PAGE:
"Pain... good..." Khezzarrik let his hand wander across Khiray's body, and strangely the torment seemed to pass over into the Demon, until nothing was left -- no feeling at all. "But not now, not now!" The fingers of the Demon slid between the Fox's legs and touched his genitals. "Poor Foxy, just quarrel with Demons, no joy at all."
Energy dripped out of the Demon shape, flitted across Khiray's fur and penetrated his skin. Sudden heat made him shiver. The emptiness in his head was replaced by one emotion -- and one alone. He looked down and had to realize in horror that his body was already failing him, betraying him to the Demon. His maleness had left its furry sheath and awaited eagerly the caress of the demonic Vixen.
"No!" he screamed, but in vain. The Demon was controlling him completely. He was no longer his own master; whatever his mind said, the body refused to obey. Even the fear the disgust, the horror which seeped slowly into his heart again, couldn't break the grip of the hellish being.
"Sssso good!" the Vixen whispered and lowered her head. Her tongue wandered hungrily all over his penis. "Haven't done this for quite a time. You Foxy will be mine, all mine, for a looong time..."
...no one heard him, no one came...
...pain and lust, and the first rather welcome as a remembrance he was still alive...
...and the demonic Vixen devoured both like a special, delicate meal, while Khiray, subjugated to her cruel will, had to follow her command, beyond pain, beyond exhaustion, beyond the limits of his body, animated only by the energy of Hell's magic. He had become a vessel for emotions the Demon drank from in deep gulps, and was refilled with merciless hunger. Khezzarrik didn't hold his paw any longer, but Khiray doubted he could muster the power to escape the Demon. The Hell Vixen rode his helpless body, filled the loins of her victim with just enough enthusiasm to drain his forced lust, until the young Fox gave up the struggle and succumbed to the waves of darkness which came with every new sip of the Demon.
Flickering red light reminded him where he was. Khiray had the impression he'd only been minutes without consciousness, and his tortured, abused body agreed with him. He hardly had the energy to sit up. His muscles hurt from the futile struggle, and he felt unspeakably disgraced and dirtied. For some weird reason he lay on his stomach, and the smell of stone and old moss from the cracks got into his nose. That, and the fiery scent of embers. He hadn't got any chance against the Demon...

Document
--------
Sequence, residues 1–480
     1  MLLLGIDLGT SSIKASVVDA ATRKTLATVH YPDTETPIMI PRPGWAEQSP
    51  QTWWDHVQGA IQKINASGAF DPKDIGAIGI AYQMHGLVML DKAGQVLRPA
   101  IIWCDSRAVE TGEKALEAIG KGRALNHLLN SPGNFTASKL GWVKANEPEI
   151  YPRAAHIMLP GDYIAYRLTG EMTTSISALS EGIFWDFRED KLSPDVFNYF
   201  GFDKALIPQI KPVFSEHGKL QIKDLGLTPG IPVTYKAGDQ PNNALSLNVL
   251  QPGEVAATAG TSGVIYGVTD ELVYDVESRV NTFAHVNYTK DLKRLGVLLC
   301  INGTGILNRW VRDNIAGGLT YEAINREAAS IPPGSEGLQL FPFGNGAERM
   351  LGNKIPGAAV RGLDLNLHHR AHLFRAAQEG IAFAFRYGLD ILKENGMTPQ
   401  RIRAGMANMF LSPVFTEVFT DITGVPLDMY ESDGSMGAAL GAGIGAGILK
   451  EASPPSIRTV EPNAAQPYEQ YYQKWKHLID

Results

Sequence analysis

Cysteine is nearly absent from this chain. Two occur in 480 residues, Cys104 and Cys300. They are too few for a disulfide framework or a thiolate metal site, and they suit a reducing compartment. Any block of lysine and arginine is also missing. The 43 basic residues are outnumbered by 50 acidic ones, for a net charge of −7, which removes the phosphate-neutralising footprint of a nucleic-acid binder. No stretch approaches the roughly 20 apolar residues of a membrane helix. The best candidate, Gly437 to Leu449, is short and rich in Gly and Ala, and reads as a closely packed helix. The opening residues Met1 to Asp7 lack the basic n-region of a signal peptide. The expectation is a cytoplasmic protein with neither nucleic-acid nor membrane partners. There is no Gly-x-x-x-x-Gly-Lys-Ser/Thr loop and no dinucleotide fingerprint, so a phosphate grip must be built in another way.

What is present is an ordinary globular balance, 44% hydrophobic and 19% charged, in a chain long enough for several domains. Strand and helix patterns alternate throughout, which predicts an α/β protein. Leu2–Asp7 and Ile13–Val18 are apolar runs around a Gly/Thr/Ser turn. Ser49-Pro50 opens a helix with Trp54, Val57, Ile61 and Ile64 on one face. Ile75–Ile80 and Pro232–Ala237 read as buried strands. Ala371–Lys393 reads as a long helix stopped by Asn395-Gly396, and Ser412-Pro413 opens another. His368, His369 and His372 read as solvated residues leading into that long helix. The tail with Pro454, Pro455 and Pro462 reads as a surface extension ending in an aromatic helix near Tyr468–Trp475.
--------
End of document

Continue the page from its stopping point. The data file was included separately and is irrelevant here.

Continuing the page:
The Demon! With difficulties Khiray turned around and hauled himself into a sitting position. Khezzarrik had turned back to the puddle shape; the circle of swirling light lay beside the pillar again. Either the Demon's hunger had been satisfied, or he gave up after Khiray lost consciousness.
Cautiously the Fox crawled to the stairway, rose slowly to his legs and forced himself up the steps. Probably the guards or Bear Demons waited for him on the other side of the door to take him into custody.
Khiray peeked through the door, but everything remained silent. The door to the secret shaft was closed. No one had discovered him. No one wanted to arrest him. Didn't Khezzarrik alert the palace?
Maybe the Demon thought he was dead. No, that couldn't be; the Hell beings weren't that stupid. Rather, Beladanar's safety did not concern Khezzarrik very much; there didn't seem to be much love or loyality lost between the two Demons. Maybe Khezzarrik wasn't even involved in Beladanar's plans and just served as gate, as a useful tool.
But Demonic politics was the last thing on Khiray's mind now. He closed the door to the chamber behind him. Hopefully, Khezzarrik couldn't call him back mentally. Hopefully...
At the regular's tables in the bars similar stories were told, of lonely Furrys who fell into the paws of insatiable women. The heroes of those stories never were in a special hurry to escape; Khiray on the other hand couldn't get out of the Demon's reach fast enough. That hadn't been like any night of lovemaking Khiray liked to imagine. His fur seemed to stick with the stench; the transpiration of the Demon clung to his hair like a remembrance. He almost could feel the groping, sucking fingers of the Hell creature. Disgust sweeped through his mind. Rape, nothing else. Not even his mind had remained untouched.
He had to muster all his strength just to go on. He stepped into the tunnel which led to the mirror image chambers beneath the second tower. Every step sent a shudder of pain through his limbs, but this time it was a repulsive, stunning pain. Khiray wondered how he could ever be able again to enjoy Lysh's gentleness without thinking of this experience. And Saljin...
What if Galbren had thrown Saljin to Khezzarrik, as a treat or a reward? He refused to think of it. But unwanted images appeared in his thoughts nevertheless. Khezzarrik wasn't really female. He could appear in any shape he wanted and do with his victims whatever...
No. If Galbren had sent the Foxtaurs to Hell, it was too late anyway. He could only try to escape then.
Escape... Delley! He hadn't called the Rat yet! Quickly he pulled out the crystal disc again and activated the magic with a movement of the finger. Fortunately, he hadn't left it in Khezzarrik's chamber when he used it as a weapon.
"Delley?" Khiray wondered if the magic worked. They had tried the discs the previous evening, but he was more than ten meters below the ground now.
Some seconds passed until Delley's breathless voice sounded up. "Khiray! Where've you been?"
The Fox thought about it. "I ran into a Demon." He couldn't tell his friend the truth. Not now.
"The dawn has begun! You've been gone for five hours!"